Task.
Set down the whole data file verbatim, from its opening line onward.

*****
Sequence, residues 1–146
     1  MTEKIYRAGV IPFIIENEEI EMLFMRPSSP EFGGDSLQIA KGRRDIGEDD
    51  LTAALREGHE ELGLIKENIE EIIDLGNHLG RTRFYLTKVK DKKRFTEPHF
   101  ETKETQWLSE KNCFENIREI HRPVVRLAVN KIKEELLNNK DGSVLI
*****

Sequence, residues 1–146
     1  MTEKIYRAGV IPFIIENEEI EMLFMRPSSP EFGGDSLQIA KGRRDIGEDD
    51  LTAALREGHE ELGLIKENIE EIIDLGNHLG RTRFYLTKVK DKKRFTEPHF
   101  ETKETQWLSE KNCFENIREI HRPVVRLAVN KIKEELLNNK DGSVLI